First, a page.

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Difference between dedicated tag line and 6/7 mm accessory cord


Original Post
Jon.R · · Unknown Hometown · Joined Jun 2014 · Points: 5

Any reason to buy a dedicated tag line (>$$) as oppose to just purchasing ~65 m of 6/7 mm accessory cord from the local gear shop....other than the store employee might hate me?

edit to add: would be looking at similar diameters for packaged tag lines and accessory cord, I understand the correlations between weight/diameter/tangles

Jacob Kantor · · Palo Alto · Joined Aug 2017 · Points: 30

Nope! But you should also consider the Beal Escaper.

Rob T · · Unknown Hometown · Joined Jun 2006 · Points: 10

I have a 7mm cord that I’ve used on really weight critical trips. It works, but it’s significantly worse than the 8mm semi-static dedicated trail line I usually use. The cord tangles and hangs up on features way more than the trail line and it’s a bit harder to pull.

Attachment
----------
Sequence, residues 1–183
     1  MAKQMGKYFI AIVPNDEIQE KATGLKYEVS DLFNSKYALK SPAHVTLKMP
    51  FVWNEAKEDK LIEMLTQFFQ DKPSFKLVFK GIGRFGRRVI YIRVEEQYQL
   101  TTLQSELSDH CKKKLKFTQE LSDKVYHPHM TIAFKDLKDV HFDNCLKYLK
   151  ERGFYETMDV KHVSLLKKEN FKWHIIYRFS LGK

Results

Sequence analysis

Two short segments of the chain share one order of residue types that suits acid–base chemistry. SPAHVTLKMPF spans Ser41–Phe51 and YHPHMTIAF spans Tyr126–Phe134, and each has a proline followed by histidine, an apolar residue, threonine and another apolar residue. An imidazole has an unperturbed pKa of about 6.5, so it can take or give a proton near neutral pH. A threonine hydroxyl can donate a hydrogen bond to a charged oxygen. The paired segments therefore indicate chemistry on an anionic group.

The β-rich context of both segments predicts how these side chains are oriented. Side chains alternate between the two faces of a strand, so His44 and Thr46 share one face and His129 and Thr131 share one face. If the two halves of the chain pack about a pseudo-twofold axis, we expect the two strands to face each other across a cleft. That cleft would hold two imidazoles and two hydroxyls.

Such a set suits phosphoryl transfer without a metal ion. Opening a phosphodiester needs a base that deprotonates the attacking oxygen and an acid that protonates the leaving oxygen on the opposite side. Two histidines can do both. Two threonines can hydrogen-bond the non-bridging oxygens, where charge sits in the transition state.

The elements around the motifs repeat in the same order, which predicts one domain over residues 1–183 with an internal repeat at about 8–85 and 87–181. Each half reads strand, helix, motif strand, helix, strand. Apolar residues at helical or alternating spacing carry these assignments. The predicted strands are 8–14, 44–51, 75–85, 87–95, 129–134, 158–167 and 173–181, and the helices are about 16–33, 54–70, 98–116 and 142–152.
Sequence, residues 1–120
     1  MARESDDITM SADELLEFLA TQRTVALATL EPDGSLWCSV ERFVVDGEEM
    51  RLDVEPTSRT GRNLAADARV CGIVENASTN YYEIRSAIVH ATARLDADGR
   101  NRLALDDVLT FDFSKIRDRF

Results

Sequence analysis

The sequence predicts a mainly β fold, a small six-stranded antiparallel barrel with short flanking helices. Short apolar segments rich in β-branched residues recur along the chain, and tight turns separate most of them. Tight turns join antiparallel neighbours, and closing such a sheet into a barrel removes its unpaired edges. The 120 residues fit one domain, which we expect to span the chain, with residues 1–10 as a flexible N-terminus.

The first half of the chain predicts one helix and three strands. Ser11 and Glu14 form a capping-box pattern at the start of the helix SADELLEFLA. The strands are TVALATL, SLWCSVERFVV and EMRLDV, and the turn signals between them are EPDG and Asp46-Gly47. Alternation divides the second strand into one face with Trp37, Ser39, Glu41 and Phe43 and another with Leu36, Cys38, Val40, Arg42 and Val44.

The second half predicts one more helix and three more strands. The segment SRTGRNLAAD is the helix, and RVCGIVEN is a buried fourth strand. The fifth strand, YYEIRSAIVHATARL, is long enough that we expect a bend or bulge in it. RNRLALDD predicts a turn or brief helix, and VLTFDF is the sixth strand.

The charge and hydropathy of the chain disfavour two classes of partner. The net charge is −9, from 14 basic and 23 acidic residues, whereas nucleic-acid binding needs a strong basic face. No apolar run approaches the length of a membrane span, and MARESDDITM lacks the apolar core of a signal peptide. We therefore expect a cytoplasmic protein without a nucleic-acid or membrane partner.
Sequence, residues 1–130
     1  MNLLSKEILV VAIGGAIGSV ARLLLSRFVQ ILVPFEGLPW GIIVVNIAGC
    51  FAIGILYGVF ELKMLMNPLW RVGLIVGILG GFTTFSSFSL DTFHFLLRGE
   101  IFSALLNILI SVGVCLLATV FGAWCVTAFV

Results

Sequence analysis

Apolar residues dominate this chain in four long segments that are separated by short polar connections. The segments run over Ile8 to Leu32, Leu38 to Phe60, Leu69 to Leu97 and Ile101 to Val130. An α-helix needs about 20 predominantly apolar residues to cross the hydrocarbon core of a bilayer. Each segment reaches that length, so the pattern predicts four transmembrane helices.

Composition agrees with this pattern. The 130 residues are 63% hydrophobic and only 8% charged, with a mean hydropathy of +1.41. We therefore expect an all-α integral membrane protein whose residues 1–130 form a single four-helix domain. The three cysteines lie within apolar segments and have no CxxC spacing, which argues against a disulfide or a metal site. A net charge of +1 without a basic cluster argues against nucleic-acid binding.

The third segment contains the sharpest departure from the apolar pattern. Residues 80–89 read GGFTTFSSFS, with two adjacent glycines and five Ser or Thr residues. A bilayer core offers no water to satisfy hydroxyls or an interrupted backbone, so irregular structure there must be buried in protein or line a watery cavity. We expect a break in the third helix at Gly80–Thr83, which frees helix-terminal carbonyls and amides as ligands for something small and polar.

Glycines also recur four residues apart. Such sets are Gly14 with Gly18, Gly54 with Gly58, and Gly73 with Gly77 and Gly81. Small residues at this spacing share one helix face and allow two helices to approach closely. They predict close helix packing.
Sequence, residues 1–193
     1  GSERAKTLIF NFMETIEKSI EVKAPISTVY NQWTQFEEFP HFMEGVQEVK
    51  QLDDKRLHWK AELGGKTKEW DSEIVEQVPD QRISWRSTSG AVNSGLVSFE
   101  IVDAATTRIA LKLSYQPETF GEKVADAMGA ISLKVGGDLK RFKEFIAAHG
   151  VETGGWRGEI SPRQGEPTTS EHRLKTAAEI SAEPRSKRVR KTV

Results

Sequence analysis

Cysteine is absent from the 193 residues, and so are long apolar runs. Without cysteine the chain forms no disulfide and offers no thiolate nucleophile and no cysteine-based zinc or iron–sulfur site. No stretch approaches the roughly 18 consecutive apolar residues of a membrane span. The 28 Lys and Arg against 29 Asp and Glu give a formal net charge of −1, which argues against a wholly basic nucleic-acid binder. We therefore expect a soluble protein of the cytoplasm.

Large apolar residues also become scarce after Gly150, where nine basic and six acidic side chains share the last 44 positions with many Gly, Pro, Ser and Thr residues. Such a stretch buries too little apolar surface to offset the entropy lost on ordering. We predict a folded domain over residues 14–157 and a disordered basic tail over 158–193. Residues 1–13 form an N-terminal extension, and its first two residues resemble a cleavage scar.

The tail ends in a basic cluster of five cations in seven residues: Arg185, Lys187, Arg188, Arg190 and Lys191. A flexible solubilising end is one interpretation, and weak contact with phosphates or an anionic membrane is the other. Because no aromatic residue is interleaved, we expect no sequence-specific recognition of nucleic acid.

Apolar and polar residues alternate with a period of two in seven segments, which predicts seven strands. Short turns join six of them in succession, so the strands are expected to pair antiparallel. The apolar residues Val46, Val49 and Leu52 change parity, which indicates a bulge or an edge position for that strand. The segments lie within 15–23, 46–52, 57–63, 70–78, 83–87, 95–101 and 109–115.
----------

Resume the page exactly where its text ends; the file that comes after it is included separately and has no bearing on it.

Also, much less durable. The cord is in considerably worse shape after 5 long routes than the trail line is after 10+ years of use. 

Curt Haire · · leavenworth, wa · Joined Jun 2011 · Points: 1

both are low-stretch ("static").  main differences are weight and ease of handling. thinner cord = lighter; fatter = heavier.  fatter cord will generally handle better, especially for hauling.  consider how you'll most likely use it, and decide whether weight or handling is the more critical factor for you.  if you go thin and change your mind, you'll have a lifetime supply of cordelette...    pre-cut, packaged, labeled/marketed specifically as "tag line" likely means your paying more for it.  I've seen cheap hardware-store poly rope used as tag-lines, and as fixed-lines on big expedition routes.

. Mobes · · MDI · Joined Mar 2006 · Points: 865

Imagine 1/2" webbing

caughtinside · · Oakland CA · Joined Nov 2006 · Points: 1,450
Rob T wrote: I have a 7mm cord that I’ve used on really weight critical trips. It works, but it’s significantly worse than the 8mm semi-static dedicated trail line I usually use. The cord tangles and hangs up on features way more than the trail line and it’s a bit harder to pull.

Also, much less durable. The cord is in considerably worse shape after 5 long routes than the trail line is after 10+ years of use. 

This. 

Roy Suggett · · Unknown Hometown · Joined Jul 2009 · Points: 7,609

Buy whatever you are willing to rap on over rough terrain.

Guideline #1: Don't be a jerk.

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